>> to", is fine.
>>
>
> What I'm trying to accomplish is to make it easier for the end user to
> distinguish between things they need to ask permission to use -- a finite
> set of actually "trademarked" items I'm assuming (but it could be my
> understanding of that term is just wrong), and things they don't -- because
> they fall under some licensing -- LGPL, PDL, or ALv2.
>

Something can be both trademarked and be under a LPGL, PDL or ALv2
license.  The license deals with copyright, which is different from
trademark.  These are two different species of intellectual property.
(Patents would be a third species, but that is not an issue in this
case)

The license might allow someone to copy the logo, modify it,
redistribute, etc., just like an OSS license allows someone to do the
same with source code.  But if there is also a trademark claimed on
the logo, that restricts the things someone can do with the logo.
These restrictions are in addition to whatever restrictions are there
per the license.

For example, take our main project logo.  If that were available under
a permissive license, someone could copy, modify, redistribute that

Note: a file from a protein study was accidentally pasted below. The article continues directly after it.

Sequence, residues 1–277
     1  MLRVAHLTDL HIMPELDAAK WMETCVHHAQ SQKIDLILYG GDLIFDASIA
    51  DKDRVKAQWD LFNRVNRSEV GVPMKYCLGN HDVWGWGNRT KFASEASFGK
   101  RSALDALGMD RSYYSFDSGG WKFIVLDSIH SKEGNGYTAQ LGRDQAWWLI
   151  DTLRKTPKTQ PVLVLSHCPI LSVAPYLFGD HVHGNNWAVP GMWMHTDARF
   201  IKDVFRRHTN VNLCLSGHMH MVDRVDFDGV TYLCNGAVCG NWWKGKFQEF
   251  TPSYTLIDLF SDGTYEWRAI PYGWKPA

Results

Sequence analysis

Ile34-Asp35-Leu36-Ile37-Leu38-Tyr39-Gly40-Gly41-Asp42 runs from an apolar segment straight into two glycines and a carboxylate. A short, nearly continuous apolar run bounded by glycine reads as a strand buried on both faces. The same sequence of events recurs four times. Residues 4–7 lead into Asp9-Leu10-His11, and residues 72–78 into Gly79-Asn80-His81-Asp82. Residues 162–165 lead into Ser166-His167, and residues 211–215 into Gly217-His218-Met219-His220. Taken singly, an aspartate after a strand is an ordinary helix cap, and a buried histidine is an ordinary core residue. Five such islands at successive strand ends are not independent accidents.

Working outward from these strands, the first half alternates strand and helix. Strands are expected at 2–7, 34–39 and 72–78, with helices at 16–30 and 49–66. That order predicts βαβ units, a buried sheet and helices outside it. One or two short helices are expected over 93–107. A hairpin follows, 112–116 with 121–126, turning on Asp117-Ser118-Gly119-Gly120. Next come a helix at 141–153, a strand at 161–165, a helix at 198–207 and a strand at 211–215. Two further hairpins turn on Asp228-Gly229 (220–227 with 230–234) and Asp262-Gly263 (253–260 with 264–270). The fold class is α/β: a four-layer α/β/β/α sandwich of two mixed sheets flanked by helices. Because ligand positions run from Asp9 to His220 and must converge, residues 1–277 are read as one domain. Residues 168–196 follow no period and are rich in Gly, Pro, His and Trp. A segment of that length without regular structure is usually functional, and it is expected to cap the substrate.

logo.  They might be able to print it out, put it in a frame and hang
it on their wall, for example.  But they would not be able to put it
on a website advertising "Open Office downloads" where the website was
actually downloading other software,  The trademark protects a symbol
associated with the origin of a product.

Think for example, of the controlled appellations in the EC,
associated with wines and cheese and other food products.  They ensure
that the use of the term "Parmigiano-Reggiano" is used for only a
specific kind of cheese from a specific region of Italy.  No one else
can legally use that name.  It is like a trademark, protecting a name
that defines the origin of a product.

> So, in this context, I am not understanding the phrase -- "including but
> not limited to".
>
> Why isn't this set limited?
>

The set is limited by what we actually use in the project to identify
the product.  But these logos can occur in many different variations
and combinations. I don't think we can enumerate them all.  And there
is risk if we claim to have listed them all, but then miss one, or
fail to keep the list up to date.

>
>